Electronic Nose To Diagnose bTB Infection in
Badgers and Cattle
|DEFRA PAID FOR THIS!
|This work was funded in part by the Department for Environment,
Food, and Rural Affairs (DEFRA).
|This paper was first received by the Journal on
the 27th May 2004 and was finally accepted on the 7th November 2004
|The most important quotation from the
|"Without exception, the Electronic Nose was able to
discriminate infected animals from controls as early as 3 weeks
after infection with Mycobacterium bovis"
|It's such a fantastic piece of work, you've
got to question why the "spooks" in DEFRA never even mention it as a
possible solution to killing thousands of cattle or badgers.
Journal of Clinical Microbiology, April 2005, p.
1745-1751, Vol. 43, No. 4
It is estimated that more than 50 million cattle are
infected with Mycobacterium bovis worldwide, resulting in severe
economic losses. Current diagnosis of tuberculosis (TB) in cattle relies
on tuberculin skin testing, and when combined with the slaughter of
test-positive animals, it has significantly reduced the incidence of
bovine TB. The failure to eradicate bovine TB in Great Britain has been
attributed in part to a reservoir of the infection in badgers (Meles
meles). Accurate and reliable diagnosis of infection is the cornerstone
of TB control. Bacteriological diagnosis has these characteristics, but
only with samples collected postmortem. Unlike significant wild animal
reservoirs of M. bovis that are considered pests in other countries,
such as the brushtail possum (Trichosurus vulpecula) in New Zealand, the
badger and its sett are protected under United Kingdom legislation (The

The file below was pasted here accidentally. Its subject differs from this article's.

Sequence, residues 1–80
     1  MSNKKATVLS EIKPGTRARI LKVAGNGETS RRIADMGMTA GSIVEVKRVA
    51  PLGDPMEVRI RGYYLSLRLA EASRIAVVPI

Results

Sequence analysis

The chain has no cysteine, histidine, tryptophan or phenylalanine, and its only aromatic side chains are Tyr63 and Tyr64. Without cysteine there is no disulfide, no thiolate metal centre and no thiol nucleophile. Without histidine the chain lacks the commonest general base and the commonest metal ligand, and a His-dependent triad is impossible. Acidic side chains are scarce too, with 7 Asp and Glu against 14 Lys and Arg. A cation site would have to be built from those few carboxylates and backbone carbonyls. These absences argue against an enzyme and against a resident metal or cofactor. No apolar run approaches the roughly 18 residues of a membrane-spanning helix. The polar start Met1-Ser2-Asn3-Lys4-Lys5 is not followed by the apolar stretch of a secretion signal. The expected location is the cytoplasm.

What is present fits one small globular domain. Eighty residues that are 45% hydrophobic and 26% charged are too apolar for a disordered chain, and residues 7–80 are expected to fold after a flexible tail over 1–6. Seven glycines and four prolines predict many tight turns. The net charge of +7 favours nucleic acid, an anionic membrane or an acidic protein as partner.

Protection of Badgers Act 1992). Therefore, an accurate in vitro test
for badgers is needed urgently to determine the extent of the reservoir
of infection cheaply and without destroying badgers. For cattle, a rapid
on-farm test to complement the existing tests (the skin test and gamma
interferon assay) would be highly desirable. To this end, we have
investigated the potential of an electronic nose (EN) to diagnose
infection of cattle or badgers with M. bovis, using a serum sample.
Samples were obtained from both experimentally infected badgers and
cattle, as well as naturally infected badgers. Without exception, the EN
was able to discriminate infected animals from controls as early as 3
weeks after infection with M. bovis, the earliest time point examined
postchallenge. The EN approach described here is a straightforward
alternative to conventional methods of TB diagnosis, and it offers
considerable potential as a sensitive, rapid, and cost-effective means
of diagnosing M. bovis infection in cattle and badgers.
electronic, nose, bovine, tuberculosis,
Mycobacterium bovis, badgers, meles meles, cattle